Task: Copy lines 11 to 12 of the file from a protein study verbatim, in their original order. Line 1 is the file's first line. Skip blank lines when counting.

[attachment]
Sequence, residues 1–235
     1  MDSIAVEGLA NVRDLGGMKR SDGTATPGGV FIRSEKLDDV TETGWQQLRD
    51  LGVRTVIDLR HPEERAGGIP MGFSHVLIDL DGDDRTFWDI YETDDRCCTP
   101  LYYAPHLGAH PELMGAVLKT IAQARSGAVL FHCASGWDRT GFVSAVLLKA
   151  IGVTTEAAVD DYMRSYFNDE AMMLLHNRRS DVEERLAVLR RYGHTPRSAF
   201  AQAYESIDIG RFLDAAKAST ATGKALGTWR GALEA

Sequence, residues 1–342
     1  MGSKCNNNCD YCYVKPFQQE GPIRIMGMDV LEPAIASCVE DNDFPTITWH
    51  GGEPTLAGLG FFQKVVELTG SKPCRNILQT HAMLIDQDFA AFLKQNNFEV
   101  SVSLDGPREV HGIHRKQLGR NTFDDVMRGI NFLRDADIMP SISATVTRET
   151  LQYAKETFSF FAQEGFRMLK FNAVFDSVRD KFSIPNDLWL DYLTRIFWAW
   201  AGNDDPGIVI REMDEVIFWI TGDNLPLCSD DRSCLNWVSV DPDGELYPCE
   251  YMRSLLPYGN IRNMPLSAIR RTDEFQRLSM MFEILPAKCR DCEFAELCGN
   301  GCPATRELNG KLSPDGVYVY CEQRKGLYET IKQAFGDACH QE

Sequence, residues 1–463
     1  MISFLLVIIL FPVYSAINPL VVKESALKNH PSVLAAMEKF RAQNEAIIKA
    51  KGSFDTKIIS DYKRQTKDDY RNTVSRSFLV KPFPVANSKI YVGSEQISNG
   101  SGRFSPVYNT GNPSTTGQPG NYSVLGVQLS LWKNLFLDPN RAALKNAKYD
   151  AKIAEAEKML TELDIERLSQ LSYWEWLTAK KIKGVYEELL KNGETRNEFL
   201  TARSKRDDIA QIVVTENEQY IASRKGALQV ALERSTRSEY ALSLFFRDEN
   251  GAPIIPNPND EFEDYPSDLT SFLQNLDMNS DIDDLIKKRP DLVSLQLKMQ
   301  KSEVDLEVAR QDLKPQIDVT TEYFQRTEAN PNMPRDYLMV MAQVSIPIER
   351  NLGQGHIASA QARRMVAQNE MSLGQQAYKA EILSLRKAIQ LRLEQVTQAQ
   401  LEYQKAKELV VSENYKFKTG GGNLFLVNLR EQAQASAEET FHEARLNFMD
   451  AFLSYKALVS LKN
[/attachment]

   151  LQYAKETFSF FAQEGFRMLK FNAVFDSVRD KFSIPNDLWL DYLTRIFWAW
   201  AGNDDPGIVI REMDEVIFWI TGDNLPLCSD DRSCLNWVSV DPDGELYPCE